To appreciate just how relevant it could be, you need only look up the heartbreaking stories of parents who have disowned their children because they’re gay or transgender. In tragic some cases, people are driven to suicide. Even for those who aren’t parents, anything that might avert this kind of hardship is worth considering.

Given the complex causes of homosexuality, as well as the many factors behind transsexuality, it’s unlikely that there could ever be a vaccine to prevent it. The same can be said for conditions like Dwarfism. It’s not just genes, hormones, or radioactive spider bites that shape an individual’s persona. It’s a complex confluence of many things.

However, we are getting very close to a point where it’s possible to design children at the genetic level. Thanks to tools like CRISPR, it might even be possible one day to cut out entire traits from the human genome. That could, in theory, eradicate both cystic fibrosis and Dwarfism. More than a few people have expressed concern about that possibility.

Homosexuality and transsexuality are a bit different since there is no one gene or hormone that causes it, but most contemporary research suggests that genetics do play at least some role. Using similar technology, it might be possible for parents in the future to minimize or eliminate the chances of their children being homosexual or transsexual.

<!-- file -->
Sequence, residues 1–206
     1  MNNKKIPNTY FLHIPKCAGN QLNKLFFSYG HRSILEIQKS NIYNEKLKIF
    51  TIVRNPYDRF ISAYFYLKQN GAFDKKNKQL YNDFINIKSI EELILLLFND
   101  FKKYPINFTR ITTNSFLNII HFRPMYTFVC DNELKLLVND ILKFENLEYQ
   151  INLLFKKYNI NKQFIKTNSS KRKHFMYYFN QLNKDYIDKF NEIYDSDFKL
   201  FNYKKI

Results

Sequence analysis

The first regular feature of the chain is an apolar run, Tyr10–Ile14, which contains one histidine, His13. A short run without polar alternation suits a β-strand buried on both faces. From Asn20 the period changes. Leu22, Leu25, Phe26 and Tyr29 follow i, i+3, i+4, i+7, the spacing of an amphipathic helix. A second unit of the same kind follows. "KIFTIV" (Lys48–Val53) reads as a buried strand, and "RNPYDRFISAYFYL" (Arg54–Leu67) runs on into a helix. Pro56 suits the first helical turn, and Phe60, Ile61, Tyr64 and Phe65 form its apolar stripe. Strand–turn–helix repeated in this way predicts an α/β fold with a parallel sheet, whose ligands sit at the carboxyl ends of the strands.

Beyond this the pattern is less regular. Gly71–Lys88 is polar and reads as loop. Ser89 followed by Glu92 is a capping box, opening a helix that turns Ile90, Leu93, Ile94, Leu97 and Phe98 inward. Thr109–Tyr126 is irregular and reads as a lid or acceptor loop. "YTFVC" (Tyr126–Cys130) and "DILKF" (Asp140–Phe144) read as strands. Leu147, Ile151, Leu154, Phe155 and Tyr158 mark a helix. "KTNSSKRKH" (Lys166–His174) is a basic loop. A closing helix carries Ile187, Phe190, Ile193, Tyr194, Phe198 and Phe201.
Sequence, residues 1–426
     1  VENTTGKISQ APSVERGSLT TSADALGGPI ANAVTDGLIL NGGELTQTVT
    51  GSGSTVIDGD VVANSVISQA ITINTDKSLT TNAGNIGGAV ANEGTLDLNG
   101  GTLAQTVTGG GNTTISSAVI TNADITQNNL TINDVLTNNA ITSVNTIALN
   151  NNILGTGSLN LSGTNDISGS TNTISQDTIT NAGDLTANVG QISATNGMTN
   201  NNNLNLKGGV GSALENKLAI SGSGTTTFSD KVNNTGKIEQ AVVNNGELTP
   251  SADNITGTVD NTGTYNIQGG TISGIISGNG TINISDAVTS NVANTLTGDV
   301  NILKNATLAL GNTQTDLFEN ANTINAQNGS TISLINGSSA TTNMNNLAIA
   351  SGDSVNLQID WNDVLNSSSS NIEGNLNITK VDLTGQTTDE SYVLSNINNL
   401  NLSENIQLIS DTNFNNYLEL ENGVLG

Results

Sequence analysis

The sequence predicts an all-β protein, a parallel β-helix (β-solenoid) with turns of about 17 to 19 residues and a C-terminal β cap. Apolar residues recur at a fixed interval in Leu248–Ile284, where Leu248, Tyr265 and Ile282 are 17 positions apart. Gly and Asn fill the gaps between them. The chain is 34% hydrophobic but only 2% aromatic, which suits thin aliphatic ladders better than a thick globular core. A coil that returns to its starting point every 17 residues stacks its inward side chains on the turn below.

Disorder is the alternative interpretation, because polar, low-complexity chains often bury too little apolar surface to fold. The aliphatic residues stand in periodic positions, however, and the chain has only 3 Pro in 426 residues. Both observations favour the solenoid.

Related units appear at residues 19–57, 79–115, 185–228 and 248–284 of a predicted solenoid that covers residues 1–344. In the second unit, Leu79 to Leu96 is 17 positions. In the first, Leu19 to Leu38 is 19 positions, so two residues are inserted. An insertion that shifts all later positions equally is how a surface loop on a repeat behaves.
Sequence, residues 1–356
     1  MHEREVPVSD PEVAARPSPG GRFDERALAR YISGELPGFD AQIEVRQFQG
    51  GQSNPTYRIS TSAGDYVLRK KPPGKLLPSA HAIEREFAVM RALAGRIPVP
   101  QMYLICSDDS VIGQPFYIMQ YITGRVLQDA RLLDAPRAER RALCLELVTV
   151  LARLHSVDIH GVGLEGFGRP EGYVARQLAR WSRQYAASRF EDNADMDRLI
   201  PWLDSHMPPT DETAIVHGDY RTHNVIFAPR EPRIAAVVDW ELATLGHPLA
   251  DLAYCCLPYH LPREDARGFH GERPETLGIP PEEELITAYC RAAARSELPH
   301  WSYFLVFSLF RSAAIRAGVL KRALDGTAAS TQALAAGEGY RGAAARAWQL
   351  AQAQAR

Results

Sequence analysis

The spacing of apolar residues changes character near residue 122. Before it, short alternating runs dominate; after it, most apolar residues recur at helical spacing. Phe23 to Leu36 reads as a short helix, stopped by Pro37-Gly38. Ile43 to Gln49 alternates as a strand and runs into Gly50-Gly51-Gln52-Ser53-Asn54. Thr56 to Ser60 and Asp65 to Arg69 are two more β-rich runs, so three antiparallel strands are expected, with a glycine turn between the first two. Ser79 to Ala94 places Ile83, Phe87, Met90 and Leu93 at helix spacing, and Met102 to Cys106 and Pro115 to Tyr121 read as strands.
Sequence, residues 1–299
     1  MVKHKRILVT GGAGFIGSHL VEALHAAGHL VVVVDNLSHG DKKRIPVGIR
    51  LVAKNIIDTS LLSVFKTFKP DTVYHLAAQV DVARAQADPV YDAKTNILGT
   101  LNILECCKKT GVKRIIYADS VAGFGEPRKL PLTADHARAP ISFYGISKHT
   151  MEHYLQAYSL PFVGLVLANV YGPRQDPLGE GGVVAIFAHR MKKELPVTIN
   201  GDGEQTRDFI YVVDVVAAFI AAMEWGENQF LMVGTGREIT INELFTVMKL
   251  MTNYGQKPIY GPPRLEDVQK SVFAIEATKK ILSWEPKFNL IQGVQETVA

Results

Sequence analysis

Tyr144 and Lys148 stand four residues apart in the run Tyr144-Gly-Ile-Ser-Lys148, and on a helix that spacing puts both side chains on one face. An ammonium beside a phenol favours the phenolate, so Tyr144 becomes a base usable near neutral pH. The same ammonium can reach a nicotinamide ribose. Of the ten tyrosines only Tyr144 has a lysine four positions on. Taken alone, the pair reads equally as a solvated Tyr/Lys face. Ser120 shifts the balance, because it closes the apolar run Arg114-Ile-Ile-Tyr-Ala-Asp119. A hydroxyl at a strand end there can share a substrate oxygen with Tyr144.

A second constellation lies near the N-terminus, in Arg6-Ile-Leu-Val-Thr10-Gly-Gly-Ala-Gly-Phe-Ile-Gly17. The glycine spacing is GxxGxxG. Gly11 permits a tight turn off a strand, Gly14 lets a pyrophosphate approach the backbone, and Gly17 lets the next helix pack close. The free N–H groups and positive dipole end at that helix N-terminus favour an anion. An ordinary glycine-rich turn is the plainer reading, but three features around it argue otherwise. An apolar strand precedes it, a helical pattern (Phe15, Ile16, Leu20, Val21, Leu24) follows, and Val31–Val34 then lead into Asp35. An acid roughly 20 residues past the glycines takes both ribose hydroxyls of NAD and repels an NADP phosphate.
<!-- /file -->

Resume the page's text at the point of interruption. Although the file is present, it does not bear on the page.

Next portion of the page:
I imagine many in the LGBT community feel the same way about those efforts that the X-men felt about Senator Allen’s efforts in “Uncanny X-men #1.” Even if it only extends to giving parents this option for children and provides strict protections for those already born with these traits, it still treats who and what they are as a disease.

It’s dehumanizing and demeaning. More than one X-men in “Uncanny X-men #1” makes that abundantly clear. They don’t see being a mutant as a disease any more than homosexuality, transsexuality, or dwarfism. The fact that there’s now a way to prevent this makes for an existential crisis with some pretty heavy implications for the real and fictional world.

In the world of Marvel comics, a world without mutants has its own set of issues, the least of which would be the loss of a top-selling comic series. In the real world, though, the stakes are even higher. What would we, as a society, do if we suddenly had the tools to prevent homosexuality, transsexuality, and dwarfism in children before they’re even born?

I’ll even ask a more controversial question that’s sure to draw plenty of ire. What if those same tools could be used to modify the skin color, facial features, and overall appearance of our children? We already understand how genetics affects our appearance to some extent. What happens when we’re able to determine that for someone before they’re ever born?

These are objectively distressing questions. I’m glad “Uncanny X-men #1” dared to ask them. I doubt they’ll get debated or resolved completely in the proceeding issues, mostly because such resolutions are impossible in superhero comics. It still presents the X-men with a unique issue to confront and one that we will likely have to confront in the real world.

As is often the case with difficult questions, the answers are likely to anger some and distress many. Most people genuinely and sincerely want what’s best for their children. In the world of Marvel Comics, that could mean preventing them from gaining the kind of superpowers that makes them targets for Sentinels. In the real world, that could mean removing an entire class of people from the gene pool.